The Cardiovascular System

at a Glance

Fourth EditionPhilip I. Aaronson, Jeremy P.T. Ward & Michelle J. Connelly

Case Studies

Case 4 – Arrhythmias (1)

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Initial presentation - A 64-year-old man with a history of long-standing hypertension and diabetes presents complaining of shortness of breath and weakness. He has orthopnoea but no chest pain. His physical examination is notable for a heart rate of 150 beats/min, a blood pressure of 100/70 mmHg and a respiratory rate of 24. There are bilateral crackles a third of the way up the lung fields, the first heart sound is soft and there is a summation gallop. His ECG is shown in Figure Case 4 (a). Carotid sinus massage then changes the rhythm to the one shown in Figure Case 4 (b).

  • (a) What is the ventricular rate in Figure Case 4 (a)? Is this a ventricular or supraventricular arrhythmia?

    The ventricular rate is 150 beats/min. The narrow QRS complex implies that the tachycardia is supraventricular. The differential diagnosis for this tachycardia includes AV nodal (AVN) re-entrant tachycardia, atrial flutter or sinus tachycardia. Atrial fibrillation is unlikely because the rhythm is regular.

  • (b) Based on the effect of carotid sinus massage, what is the diagnosis? How does carotid sinus massage affect the ventricular response?

    Carotid sinus massage demonstrates the sawtooth pattern of flutter waves, particularly in the inferior leads (II, III, aVF). This proves that the initial rhythm was atrial flutter with 2 : 1 conduction (i.e. only one of every two atrial waves is conducted through the AVN to the ventricle). Because the flutter waves have a rate of nearly 300 beats/min, the ventricular rate is 150 beats/min. Carotid sinus massage increases vagal tone, slowing conduction through the AVN and increasing AV block.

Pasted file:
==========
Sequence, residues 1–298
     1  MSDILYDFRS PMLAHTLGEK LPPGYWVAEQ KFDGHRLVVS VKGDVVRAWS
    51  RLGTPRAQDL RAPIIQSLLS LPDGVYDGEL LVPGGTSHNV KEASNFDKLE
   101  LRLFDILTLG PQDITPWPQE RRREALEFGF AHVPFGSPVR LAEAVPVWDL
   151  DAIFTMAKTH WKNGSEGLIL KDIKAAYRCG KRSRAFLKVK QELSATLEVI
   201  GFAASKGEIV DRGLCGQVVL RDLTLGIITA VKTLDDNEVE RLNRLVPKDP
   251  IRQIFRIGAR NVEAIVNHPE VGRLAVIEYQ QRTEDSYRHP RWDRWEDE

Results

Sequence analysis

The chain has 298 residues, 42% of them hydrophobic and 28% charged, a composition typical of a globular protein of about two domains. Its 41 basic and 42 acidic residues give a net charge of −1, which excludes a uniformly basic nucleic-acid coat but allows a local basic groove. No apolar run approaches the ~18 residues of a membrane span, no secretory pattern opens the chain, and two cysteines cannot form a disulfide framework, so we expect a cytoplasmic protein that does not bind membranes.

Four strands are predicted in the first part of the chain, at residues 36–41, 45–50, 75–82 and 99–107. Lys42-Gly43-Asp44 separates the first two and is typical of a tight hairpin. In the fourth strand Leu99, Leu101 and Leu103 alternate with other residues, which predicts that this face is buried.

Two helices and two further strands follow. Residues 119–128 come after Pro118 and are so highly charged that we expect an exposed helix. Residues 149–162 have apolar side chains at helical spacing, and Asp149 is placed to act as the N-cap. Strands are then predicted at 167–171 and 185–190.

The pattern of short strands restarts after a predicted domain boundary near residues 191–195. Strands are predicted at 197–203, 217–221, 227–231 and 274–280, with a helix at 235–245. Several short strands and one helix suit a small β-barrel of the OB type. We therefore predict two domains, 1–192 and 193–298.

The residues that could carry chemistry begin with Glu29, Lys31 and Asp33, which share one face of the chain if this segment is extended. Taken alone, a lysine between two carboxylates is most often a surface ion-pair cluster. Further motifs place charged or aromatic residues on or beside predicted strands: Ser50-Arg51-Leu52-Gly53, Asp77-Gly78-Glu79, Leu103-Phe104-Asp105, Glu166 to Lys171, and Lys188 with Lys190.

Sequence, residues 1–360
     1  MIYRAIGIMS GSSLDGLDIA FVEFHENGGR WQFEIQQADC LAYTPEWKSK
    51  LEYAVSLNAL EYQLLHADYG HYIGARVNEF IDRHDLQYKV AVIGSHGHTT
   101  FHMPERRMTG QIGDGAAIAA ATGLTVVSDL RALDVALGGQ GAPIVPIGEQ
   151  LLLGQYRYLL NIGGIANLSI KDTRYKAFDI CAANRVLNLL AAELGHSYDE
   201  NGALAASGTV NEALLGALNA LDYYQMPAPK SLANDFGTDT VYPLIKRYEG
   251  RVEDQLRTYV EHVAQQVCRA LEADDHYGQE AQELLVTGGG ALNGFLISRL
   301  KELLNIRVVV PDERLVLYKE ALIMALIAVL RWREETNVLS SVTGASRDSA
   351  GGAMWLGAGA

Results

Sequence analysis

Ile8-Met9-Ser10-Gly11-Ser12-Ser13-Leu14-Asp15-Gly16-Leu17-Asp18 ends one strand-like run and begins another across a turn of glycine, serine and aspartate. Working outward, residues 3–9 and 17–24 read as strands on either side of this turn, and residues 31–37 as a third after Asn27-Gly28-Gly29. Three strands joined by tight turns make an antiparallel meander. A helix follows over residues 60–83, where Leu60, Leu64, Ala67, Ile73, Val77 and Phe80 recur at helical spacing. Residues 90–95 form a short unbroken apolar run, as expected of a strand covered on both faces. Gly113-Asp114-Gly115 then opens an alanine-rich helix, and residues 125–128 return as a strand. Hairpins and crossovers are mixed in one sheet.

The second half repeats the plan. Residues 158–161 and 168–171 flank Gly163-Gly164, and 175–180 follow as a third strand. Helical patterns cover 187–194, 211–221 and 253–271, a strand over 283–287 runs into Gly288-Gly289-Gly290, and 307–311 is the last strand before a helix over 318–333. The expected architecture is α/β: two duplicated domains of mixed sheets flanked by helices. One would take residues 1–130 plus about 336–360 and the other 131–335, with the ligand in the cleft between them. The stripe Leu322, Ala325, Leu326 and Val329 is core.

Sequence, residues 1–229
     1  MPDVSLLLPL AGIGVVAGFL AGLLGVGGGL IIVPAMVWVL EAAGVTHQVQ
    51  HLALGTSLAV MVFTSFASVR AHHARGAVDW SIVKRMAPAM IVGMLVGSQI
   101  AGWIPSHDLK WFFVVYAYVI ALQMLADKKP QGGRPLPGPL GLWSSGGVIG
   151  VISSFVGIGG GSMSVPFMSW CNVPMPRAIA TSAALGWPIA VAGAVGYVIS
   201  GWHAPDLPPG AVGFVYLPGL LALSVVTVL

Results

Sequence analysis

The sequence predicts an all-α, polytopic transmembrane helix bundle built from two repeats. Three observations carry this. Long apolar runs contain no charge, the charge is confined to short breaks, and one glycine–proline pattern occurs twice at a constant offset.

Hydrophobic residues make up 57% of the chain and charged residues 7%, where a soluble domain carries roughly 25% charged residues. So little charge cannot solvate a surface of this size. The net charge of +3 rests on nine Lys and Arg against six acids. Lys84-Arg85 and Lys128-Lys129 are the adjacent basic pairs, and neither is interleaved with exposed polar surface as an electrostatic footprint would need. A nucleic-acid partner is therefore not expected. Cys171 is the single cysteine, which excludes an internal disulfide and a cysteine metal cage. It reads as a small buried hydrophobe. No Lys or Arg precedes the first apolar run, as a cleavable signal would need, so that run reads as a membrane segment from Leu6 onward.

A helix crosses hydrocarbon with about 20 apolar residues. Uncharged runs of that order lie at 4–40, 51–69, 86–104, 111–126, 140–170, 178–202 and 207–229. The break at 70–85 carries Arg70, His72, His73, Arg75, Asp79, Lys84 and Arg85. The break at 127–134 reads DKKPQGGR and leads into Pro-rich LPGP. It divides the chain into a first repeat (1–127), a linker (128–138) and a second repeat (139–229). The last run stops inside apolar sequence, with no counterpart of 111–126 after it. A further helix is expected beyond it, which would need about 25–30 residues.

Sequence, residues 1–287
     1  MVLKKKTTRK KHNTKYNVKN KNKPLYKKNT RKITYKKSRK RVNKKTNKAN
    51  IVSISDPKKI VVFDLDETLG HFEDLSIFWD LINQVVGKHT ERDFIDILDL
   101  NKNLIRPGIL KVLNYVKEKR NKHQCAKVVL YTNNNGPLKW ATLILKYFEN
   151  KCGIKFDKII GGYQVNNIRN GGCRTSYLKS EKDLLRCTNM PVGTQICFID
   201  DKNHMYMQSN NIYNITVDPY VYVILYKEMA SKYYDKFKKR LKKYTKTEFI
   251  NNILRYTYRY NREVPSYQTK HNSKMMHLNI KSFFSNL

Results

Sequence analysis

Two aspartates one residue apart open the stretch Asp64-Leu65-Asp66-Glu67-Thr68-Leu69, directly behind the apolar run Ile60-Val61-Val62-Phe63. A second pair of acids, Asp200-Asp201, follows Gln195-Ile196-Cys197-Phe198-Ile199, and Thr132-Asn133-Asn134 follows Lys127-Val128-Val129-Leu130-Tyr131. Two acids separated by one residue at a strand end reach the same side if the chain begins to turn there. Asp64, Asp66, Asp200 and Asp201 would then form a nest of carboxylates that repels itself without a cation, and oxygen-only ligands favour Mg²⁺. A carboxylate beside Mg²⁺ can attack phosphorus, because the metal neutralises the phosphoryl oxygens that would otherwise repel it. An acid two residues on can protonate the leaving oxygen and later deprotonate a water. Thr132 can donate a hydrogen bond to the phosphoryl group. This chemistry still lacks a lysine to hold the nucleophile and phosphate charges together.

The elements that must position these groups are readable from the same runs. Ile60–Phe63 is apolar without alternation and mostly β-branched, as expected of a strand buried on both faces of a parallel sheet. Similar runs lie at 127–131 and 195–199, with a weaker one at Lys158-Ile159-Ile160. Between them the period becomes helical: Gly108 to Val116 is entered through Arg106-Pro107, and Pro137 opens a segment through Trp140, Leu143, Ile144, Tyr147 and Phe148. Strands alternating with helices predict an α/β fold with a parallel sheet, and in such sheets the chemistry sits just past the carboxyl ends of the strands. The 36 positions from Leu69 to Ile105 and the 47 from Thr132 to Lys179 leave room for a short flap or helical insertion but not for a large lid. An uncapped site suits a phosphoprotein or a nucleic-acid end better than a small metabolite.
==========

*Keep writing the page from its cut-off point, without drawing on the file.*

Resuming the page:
• (c) What pharmacological agents can be used to slow the ventricular response?

    Beta -blockers, digoxin, Ca2+-channel blockers and adenosine slow conduction through the AVN. This slows the ventricular rate, allowing adequate time for left ventricular filling and relieving the symptoms of left heart failure (shortness of breath, weakness, orthopnoea).

  • Results of treatment The patient is admitted to hospital and begun on digitalis and amiodarone. The next morning he feels better, but his pulse is irregularly irregular with an apical pulse of 110 and a radial pulse of 70. An ECG is shown in Figure Case 4 (c).
  • (d) What is the rhythm now? Is the change from the day before common?

    This is atrial fibrillation; note the irregularly irregular ventricular rate. Atrial flutter is an unstable rhythm, and commonly degenerates into atrial fibrillation.

  • (e) Is the current anti-arrhythmic regimen appropriate?

    Yes. Amiodarone and digoxin are commonly used to treat atrial arrhythmias. Digoxin helps to slow the ventricular rate by increasing vagal tone at the AVN. Amiodarone similarly helps to slow the ventricular response. Amiodarone is also used to cardiovert patients with atrial arrhythmias back into sinus rhythm and/or help maintain sinus rhythm once they have been electrically cardioverted.

  • (f) What other therapy may be indicated? Why?

    Patients with intermittent or persistent atrial fibrillation should receive anticoagulation because of the risk of embolic stroke. In this patient, who seems to be having his first episode of atrial fibrillation, electrical cardioversion should be attempted if amiodarone does not convert the rhythm to sinus.

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